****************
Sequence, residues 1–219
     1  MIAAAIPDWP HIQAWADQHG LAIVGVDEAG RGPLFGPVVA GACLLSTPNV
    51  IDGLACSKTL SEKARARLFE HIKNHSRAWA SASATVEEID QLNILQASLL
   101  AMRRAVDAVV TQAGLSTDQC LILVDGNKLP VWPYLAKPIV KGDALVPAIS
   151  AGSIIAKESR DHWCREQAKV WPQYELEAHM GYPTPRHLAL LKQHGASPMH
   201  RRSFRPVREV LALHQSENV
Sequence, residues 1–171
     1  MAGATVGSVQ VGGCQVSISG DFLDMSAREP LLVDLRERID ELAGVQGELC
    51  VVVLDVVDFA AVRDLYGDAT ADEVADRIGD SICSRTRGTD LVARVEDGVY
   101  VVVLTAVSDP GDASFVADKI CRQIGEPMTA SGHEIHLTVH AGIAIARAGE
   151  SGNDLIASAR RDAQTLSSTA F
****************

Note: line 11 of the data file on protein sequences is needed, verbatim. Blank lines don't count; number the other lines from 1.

   151  SGNDLIASAR RDAQTLSSTA F